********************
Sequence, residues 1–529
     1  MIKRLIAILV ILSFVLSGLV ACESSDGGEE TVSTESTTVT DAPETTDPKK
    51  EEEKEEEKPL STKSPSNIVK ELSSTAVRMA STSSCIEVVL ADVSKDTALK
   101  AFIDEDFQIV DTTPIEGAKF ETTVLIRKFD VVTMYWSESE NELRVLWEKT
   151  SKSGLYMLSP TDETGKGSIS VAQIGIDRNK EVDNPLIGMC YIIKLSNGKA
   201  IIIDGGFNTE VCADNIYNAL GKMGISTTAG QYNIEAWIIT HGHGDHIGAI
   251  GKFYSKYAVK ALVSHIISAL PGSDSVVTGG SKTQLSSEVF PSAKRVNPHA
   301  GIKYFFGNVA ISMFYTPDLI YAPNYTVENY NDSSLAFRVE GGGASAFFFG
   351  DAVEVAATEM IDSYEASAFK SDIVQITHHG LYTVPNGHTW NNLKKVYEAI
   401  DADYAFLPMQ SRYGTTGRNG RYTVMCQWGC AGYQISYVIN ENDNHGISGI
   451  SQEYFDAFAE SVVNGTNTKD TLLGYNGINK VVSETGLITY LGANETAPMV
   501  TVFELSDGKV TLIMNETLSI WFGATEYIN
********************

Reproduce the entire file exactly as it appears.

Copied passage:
Sequence, residues 1–529
     1  MIKRLIAILV ILSFVLSGLV ACESSDGGEE TVSTESTTVT DAPETTDPKK
    51  EEEKEEEKPL STKSPSNIVK ELSSTAVRMA STSSCIEVVL ADVSKDTALK
   101  AFIDEDFQIV DTTPIEGAKF ETTVLIRKFD VVTMYWSESE NELRVLWEKT
   151  SKSGLYMLSP TDETGKGSIS VAQIGIDRNK EVDNPLIGMC YIIKLSNGKA
   201  IIIDGGFNTE VCADNIYNAL GKMGISTTAG QYNIEAWIIT HGHGDHIGAI
   251  GKFYSKYAVK ALVSHIISAL PGSDSVVTGG SKTQLSSEVF PSAKRVNPHA
   301  GIKYFFGNVA ISMFYTPDLI YAPNYTVENY NDSSLAFRVE GGGASAFFFG
   351  DAVEVAATEM IDSYEASAFK SDIVQITHHG LYTVPNGHTW NNLKKVYEAI
   401  DADYAFLPMQ SRYGTTGRNG RYTVMCQWGC AGYQISYVIN ENDNHGISGI
   451  SQEYFDAFAE SVVNGTNTKD TLLGYNGINK VVSETGLITY LGANETAPMV
   501  TVFELSDGKV TLIMNETLSI WFGATEYIN